The moral of this story is to be mindful of those people around you who can damage your reputation in pursuit of their own fortunes. Research the people handling your work, make informed decisions, ask questions, draw up agreements, and be aware of who and what influences discussions of your work.

A number of artists take steps to protect their reputation by remaining aware of everything that is written about their work, and controlling the content as much as possible. They are articulate about their work, review all press releases and other copy whenever possible, and work hard to communicate openly with those who write about them. They always seek to be part of the approval process for articles, fact checking at the very least, to minimize misinformation about themselves and their work.


“In the construction of Immortal Fame you need first of all a cosmic shamelessness.”

-Umberto Eco

How important is it to be famous and how does it impact your work and your relationship with other artists? Fame often means you have to cater to the art market and satisfy current market trends rather than taking risks and making mistakes. Wouldn’t it be great if we supported risk-taking and allowed each other to make mistakes? It certainly would enliven the work, and make the entire art world more interesting. Artists could actually take desirable risks that art schools teach as vital to creativity.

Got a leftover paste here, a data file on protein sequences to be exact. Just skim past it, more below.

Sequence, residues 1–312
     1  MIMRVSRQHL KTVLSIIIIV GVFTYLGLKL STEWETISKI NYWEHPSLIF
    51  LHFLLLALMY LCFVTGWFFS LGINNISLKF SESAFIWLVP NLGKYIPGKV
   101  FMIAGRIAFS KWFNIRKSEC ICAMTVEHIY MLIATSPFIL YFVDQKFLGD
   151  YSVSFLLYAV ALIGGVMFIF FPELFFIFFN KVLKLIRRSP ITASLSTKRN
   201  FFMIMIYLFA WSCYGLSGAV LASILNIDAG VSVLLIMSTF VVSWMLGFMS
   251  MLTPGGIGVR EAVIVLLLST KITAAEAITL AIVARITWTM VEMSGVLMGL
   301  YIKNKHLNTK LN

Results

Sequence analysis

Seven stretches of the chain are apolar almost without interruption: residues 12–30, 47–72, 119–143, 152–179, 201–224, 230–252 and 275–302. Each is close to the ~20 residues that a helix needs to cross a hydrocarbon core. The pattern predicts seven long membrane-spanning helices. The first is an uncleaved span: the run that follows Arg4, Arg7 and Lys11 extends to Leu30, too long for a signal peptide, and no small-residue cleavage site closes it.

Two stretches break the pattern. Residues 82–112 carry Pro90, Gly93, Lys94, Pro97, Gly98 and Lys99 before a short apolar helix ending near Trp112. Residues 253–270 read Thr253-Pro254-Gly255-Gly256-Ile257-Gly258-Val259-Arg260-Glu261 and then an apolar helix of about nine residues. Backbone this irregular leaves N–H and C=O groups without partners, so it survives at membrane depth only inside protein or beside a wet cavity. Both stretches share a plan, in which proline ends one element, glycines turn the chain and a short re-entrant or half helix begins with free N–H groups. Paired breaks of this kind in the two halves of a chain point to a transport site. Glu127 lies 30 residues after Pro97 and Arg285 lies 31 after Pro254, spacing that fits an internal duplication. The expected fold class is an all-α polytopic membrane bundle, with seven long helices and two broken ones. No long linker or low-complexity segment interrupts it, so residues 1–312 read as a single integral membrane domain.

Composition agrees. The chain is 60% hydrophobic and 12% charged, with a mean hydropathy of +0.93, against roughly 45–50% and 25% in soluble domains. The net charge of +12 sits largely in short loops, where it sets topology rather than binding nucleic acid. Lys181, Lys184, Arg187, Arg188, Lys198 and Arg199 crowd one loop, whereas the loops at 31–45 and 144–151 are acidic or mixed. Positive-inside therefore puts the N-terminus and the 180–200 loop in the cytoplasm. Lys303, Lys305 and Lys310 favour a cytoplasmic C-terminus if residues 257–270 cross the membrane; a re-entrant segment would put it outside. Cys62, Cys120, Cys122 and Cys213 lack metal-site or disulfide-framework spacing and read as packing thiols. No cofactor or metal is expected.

Rewards and Money

“To people who want to be rich and famous, I’d say, ‘Get rich first and see if that doesn’t cover it."

-Bill Murray

Most artists feel that they need to be rewarded for their efforts, and rightfully so. For some, making art is about getting famous and making money. Unfortunately, the “fame brings money” equation is not necessarily true. Many famous artists still have an outside job for financial survival. Even artists considered successful for having critically-acclaimed work and museum shows still haven’t been able to pay off costly student loans. While it is possible to make a sizable amount of money off your work, it is best not to plan for that as your only source of income in the long term. And even if you are successful, it may not last, so make sure you have a trustworthy accountant. Regardless of your success, make sure you plan financially.

Rewards are not always financial. Community impact and social change are examples of meaningful and measurable outcomes that are not necessarily tied to fame and fortune. This kind of success is not market success, but can reap countless benefits, as well as popular and critical recognition.

While the desire to make money and the desire to effect change in the world are not mutually exclusive, it’s probably best to focus on the latter and plan for the former, lest you suffer at the fickle hand of the market.


“Fame means when your computer modem is broken, the repair guy comes out to your house a little faster.”

- Sandra Bullock